After the plot-ful and pacey opening two-parter, it was inevitable that the this episode would be considered filler (especially with Neil Gaimen’s much anticipated story following next week). That’s fine by me, I enjoy the “monster of the week” stories, as they’ve become, if they’re fun, and this one has pirates in.
The problem with pirates, though, is that there is a perceived need to do all the pirate “stuff” (walking the plank, treasure, stowaways; I even began to expect a parrot) and it was already beginning to feel a bit like pirating by the numbers before the captain’s boy turned up in an entirely unengaging twist. But although the Doctor was charging around spouting nonsense (water as a portal) I did like the fact he was getting it totally wrong (no, it’s the reflections). Indeed it’s notable just how ineffectual the Doctor is in this story (look at him chewing his nails during the CPR sequence) and even his interventions (setting the siren on Rory) seem random and reckless. I think this is partly a problem with the pacing: some things are underplayed (there needs to be more build up the realisation that there is no way of saving Rory when he goes overboard) whilst others are hammered too hard. The worst example of the latter was stringing out Rory’s resuscitation. After all, Rory being dead is nothing new. As the shows composer drily tweeted:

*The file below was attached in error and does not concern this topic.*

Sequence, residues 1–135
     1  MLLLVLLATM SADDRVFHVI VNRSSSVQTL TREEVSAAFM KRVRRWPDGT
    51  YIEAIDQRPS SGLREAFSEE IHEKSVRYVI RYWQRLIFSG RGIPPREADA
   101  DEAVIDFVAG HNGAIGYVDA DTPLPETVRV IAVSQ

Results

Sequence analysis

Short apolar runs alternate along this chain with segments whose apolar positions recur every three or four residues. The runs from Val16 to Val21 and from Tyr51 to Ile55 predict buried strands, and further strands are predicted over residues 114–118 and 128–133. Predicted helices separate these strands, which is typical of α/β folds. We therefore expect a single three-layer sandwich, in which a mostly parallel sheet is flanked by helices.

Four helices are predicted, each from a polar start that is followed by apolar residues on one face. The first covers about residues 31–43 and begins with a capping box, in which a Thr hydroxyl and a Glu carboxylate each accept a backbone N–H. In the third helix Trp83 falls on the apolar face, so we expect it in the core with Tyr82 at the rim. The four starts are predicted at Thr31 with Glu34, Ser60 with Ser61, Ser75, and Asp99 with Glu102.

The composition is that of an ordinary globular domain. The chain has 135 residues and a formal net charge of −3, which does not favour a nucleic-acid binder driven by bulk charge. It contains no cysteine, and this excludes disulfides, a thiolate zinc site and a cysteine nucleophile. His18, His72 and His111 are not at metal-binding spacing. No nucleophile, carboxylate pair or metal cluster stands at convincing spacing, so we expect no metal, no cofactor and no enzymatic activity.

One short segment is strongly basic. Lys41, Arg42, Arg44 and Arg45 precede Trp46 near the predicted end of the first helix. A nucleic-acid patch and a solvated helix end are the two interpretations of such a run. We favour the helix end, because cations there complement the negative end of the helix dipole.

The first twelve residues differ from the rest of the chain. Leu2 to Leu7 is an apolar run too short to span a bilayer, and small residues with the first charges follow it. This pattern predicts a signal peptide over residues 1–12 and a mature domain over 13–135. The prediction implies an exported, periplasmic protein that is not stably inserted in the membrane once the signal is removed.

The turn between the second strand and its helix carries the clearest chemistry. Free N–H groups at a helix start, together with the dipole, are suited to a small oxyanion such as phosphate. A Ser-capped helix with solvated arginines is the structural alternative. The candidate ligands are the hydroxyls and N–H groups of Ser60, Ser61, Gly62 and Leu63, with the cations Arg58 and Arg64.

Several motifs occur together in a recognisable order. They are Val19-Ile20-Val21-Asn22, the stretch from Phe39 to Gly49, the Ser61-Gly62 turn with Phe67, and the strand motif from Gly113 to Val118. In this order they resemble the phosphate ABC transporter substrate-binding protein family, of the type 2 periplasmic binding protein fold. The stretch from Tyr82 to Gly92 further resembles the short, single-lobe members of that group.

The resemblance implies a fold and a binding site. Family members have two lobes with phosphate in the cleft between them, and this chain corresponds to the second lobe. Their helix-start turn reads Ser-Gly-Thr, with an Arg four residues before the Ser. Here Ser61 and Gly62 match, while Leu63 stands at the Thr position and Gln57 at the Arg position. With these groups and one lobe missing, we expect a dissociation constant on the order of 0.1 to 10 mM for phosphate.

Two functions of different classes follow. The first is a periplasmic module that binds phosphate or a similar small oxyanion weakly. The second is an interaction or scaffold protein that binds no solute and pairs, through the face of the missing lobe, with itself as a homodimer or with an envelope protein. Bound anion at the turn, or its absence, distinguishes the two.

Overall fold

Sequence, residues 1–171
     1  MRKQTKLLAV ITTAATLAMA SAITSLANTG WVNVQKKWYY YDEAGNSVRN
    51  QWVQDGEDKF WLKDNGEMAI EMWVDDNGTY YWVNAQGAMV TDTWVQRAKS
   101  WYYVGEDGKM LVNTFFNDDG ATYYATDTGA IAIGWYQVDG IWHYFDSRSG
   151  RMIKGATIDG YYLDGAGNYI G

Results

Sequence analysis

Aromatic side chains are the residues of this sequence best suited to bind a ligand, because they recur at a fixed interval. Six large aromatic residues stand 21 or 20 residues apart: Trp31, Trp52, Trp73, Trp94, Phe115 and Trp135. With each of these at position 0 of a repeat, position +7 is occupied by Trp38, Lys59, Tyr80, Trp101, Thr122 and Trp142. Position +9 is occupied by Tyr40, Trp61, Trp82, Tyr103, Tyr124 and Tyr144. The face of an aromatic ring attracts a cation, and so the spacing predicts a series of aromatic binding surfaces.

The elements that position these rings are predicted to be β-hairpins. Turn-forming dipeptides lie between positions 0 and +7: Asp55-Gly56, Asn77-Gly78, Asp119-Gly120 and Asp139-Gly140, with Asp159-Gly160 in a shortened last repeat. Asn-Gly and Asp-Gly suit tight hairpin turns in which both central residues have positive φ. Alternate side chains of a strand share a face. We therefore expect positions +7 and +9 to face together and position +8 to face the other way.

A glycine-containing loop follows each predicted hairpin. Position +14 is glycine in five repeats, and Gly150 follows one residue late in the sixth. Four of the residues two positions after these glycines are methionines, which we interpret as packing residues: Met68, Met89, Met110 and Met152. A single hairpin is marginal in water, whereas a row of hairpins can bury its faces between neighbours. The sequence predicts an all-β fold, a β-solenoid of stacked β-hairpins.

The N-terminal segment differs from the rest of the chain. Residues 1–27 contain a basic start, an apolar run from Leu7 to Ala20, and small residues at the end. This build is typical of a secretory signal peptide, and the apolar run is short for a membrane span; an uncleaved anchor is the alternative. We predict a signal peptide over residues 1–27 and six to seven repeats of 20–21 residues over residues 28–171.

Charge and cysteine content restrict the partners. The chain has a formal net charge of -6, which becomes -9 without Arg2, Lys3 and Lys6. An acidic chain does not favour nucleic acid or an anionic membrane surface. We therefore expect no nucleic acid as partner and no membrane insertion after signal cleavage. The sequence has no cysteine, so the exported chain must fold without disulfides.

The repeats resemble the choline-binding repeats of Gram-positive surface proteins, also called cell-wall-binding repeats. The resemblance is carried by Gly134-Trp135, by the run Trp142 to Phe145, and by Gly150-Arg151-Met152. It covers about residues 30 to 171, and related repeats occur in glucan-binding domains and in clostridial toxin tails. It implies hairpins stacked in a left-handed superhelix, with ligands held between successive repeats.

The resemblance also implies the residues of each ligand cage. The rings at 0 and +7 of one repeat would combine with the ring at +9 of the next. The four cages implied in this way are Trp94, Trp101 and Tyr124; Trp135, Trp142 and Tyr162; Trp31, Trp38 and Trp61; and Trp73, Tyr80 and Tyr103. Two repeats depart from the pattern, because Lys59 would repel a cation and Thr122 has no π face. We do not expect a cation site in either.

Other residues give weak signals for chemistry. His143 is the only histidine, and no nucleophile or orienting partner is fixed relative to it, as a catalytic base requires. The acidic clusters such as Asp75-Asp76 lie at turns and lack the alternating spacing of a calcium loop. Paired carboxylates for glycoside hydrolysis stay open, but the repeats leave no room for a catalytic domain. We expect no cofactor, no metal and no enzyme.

Having said all that, I enjoyed the episode. The siren’s ship being lodged in an adjacent dimension was a lovely idea, and suddenly all the nonsense on board the pirate ship started to make some sense, like diffracted reflections suddenly becoming clear. The whole episode had that sense of the many 60s Doctor Who stories where the budget is clearly so tight they can barely dress the studio (the sick bay, in this case) but these constrains in now way restrict the imagination of the writer (or the conviction of the direction, editing or performances).
It’s not the first time the Doctor has encountered pirates of course. The previous adventure, Doctor Who and the Pirates or The Lass That Lost a Sailor is a genuine treasure that this story can’t quite compete with. We’d have needed to hear Matt Smith’s rendition of A Gallifreyan Buccaneer for it even to come close…